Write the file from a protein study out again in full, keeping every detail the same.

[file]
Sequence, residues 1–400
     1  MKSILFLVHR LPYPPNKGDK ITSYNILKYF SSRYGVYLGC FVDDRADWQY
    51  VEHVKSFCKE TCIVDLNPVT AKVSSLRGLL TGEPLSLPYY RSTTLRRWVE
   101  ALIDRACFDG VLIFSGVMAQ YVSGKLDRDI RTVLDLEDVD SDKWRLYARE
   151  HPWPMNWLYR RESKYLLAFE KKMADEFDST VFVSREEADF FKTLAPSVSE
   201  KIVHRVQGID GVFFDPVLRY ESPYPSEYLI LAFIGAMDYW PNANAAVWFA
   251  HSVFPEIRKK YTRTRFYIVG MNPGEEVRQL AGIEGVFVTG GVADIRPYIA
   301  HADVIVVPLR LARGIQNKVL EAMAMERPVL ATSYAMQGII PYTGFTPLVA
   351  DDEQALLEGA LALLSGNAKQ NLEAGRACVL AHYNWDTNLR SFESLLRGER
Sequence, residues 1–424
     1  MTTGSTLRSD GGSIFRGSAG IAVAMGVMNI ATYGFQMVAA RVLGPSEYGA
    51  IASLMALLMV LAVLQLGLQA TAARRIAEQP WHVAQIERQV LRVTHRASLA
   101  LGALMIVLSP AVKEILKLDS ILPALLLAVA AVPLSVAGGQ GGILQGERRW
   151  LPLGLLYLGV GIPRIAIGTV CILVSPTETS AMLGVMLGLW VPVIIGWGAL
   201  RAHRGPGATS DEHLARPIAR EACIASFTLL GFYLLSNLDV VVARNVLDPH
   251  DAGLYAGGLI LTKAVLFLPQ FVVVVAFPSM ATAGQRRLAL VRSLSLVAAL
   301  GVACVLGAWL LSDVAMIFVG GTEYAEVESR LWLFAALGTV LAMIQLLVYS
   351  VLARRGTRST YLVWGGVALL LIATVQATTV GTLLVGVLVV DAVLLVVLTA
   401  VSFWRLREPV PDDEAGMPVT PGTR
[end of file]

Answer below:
Sequence, residues 1–400
     1  MKSILFLVHR LPYPPNKGDK ITSYNILKYF SSRYGVYLGC FVDDRADWQY
    51  VEHVKSFCKE TCIVDLNPVT AKVSSLRGLL TGEPLSLPYY RSTTLRRWVE
   101  ALIDRACFDG VLIFSGVMAQ YVSGKLDRDI RTVLDLEDVD SDKWRLYARE
   151  HPWPMNWLYR RESKYLLAFE KKMADEFDST VFVSREEADF FKTLAPSVSE
   201  KIVHRVQGID GVFFDPVLRY ESPYPSEYLI LAFIGAMDYW PNANAAVWFA
   251  HSVFPEIRKK YTRTRFYIVG MNPGEEVRQL AGIEGVFVTG GVADIRPYIA
   301  HADVIVVPLR LARGIQNKVL EAMAMERPVL ATSYAMQGII PYTGFTPLVA
   351  DDEQALLEGA LALLSGNAKQ NLEAGRACVL AHYNWDTNLR SFESLLRGER
Sequence, residues 1–424
     1  MTTGSTLRSD GGSIFRGSAG IAVAMGVMNI ATYGFQMVAA RVLGPSEYGA
    51  IASLMALLMV LAVLQLGLQA TAARRIAEQP WHVAQIERQV LRVTHRASLA
   101  LGALMIVLSP AVKEILKLDS ILPALLLAVA AVPLSVAGGQ GGILQGERRW
   151  LPLGLLYLGV GIPRIAIGTV CILVSPTETS AMLGVMLGLW VPVIIGWGAL
   201  RAHRGPGATS DEHLARPIAR EACIASFTLL GFYLLSNLDV VVARNVLDPH
   251  DAGLYAGGLI LTKAVLFLPQ FVVVVAFPSM ATAGQRRLAL VRSLSLVAAL
   301  GVACVLGAWL LSDVAMIFVG GTEYAEVESR LWLFAALGTV LAMIQLLVYS
   351  VLARRGTRST YLVWGGVALL LIATVQATTV GTLLVGVLVV DAVLLVVLTA
   401  VSFWRLREPV PDDEAGMPVT PGTR